Anglo-Saxon England, the ancestors of the Padeshull surname lived in the parish of Pattishall found in Northamptonshire.
Early Origins of the Padeshull family
Domesday Book of 1086 where it was listed as Pascelle. CITATION[CLOSE]
Williams, Dr Ann. And G.H. Martin, Eds., Domesday Book A Complete Translation. London: Penguin, 1992. Print. (ISBN 0-141-00523-8) Later in the 12th century the village was listed as Patesshille and literally meant "hill of a man called Paetti," having derived from the Old English personal name + "hyll." CITATION[CLOSE]
Mills, A.D., Dictionary of English Place-Names. Oxford: Oxford University Press, 1991. Print. (ISBN 0-19-869156-4) Today the civil parish of Pattishall includes the villages of Pattishall, Eastcote, Astcote and Dalscote, part of Fosters Booth, and the hamlet of Cornhill. One of the first records of the name was Simon of Pattishall (or Pateshull) who died in 1217. He was an English judge and civil servant who is considered the first Chief Justice of the Common Pleas (1204-1217.) Before this appointment, he was High Sheriff of Essex (1193-1194), High Sheriff of Hertfordshire (1193-1194), and High Sheriff of Northamptonshire (1194-1203.)
Early History of the Padeshull family
Another 189 words (14 lines of text) covering the years 134 and 1342 are included under the topic Early Padeshull History in all our PDF Extended History products and printed products wherever possible.
Padeshull Spelling Variations
hundred years that the English language has been standardized. For that reason, early Anglo-Saxon surnames like Padeshull are characterized by many spelling variations. As the English language changed and incorporated elements of other European languages, even literate people changed the spelling of their names. The variations of the name Padeshull include: Pateshall, Pateshull and others.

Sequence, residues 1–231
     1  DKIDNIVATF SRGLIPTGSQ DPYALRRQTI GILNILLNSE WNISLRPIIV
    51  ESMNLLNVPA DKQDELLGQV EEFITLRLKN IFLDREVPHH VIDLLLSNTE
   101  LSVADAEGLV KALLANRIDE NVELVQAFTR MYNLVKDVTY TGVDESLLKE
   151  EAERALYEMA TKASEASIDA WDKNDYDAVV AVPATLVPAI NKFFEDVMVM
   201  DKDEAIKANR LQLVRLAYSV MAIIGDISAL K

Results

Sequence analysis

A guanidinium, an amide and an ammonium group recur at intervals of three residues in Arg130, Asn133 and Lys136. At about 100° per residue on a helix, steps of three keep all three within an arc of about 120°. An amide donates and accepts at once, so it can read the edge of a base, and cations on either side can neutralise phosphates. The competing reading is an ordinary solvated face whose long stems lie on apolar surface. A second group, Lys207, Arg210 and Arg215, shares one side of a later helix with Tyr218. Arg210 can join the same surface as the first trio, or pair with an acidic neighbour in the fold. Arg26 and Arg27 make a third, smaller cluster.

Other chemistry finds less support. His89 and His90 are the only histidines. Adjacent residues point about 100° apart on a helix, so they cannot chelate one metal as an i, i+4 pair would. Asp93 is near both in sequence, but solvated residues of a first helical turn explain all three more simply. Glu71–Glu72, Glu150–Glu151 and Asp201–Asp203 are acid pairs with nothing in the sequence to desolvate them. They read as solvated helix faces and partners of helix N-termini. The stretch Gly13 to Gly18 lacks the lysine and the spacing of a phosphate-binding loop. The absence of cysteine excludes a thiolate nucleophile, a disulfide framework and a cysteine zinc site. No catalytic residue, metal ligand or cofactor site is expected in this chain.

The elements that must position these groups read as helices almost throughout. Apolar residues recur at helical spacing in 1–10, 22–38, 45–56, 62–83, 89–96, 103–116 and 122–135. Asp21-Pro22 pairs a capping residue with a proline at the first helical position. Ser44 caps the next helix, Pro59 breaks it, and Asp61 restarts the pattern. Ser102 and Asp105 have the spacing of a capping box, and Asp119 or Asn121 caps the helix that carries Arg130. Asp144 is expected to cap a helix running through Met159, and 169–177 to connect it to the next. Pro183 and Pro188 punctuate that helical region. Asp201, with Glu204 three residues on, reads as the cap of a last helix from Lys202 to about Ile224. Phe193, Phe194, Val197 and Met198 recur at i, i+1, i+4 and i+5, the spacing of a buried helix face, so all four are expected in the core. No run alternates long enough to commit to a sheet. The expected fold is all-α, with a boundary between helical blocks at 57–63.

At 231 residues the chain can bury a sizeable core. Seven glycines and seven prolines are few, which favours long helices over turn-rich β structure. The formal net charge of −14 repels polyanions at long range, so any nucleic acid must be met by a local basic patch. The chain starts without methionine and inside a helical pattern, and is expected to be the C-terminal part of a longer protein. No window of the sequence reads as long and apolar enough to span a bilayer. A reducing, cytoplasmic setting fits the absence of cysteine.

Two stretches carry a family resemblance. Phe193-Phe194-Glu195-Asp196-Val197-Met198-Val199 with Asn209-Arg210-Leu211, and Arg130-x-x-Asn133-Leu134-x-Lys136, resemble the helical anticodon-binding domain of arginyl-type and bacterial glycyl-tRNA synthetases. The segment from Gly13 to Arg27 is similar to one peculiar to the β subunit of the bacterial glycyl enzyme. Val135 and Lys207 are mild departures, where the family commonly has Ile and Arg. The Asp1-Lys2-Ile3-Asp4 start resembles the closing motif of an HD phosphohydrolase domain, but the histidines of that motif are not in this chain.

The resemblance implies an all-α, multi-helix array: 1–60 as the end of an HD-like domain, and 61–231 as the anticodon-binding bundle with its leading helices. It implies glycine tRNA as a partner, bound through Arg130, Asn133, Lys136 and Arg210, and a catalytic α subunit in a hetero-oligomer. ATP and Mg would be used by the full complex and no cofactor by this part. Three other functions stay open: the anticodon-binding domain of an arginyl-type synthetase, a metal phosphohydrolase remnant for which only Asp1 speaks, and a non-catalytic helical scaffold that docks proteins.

Early Notables of the Padeshull family (pre 1700)
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Migration of the Padeshull family to the New World and Oceana
Many English families tired of political and religious strife left Britain for the new colonies in North America. Although the trip itself offered no relief - conditions on the ships were extremely cramped, and many travelers arrived diseased, starving, and destitute - these immigrants believed the opportunities that awaited them were worth the risks. Once in the colonies, many of the families did indeed prosper and, in turn, made significant contributions to the culture and economies of the growing colonies. An inquiry into the early roots of North American families has revealed a number of immigrants bearing the name Padeshull or a variant listed above: Robert Pateshall who settled in New England in 1655.
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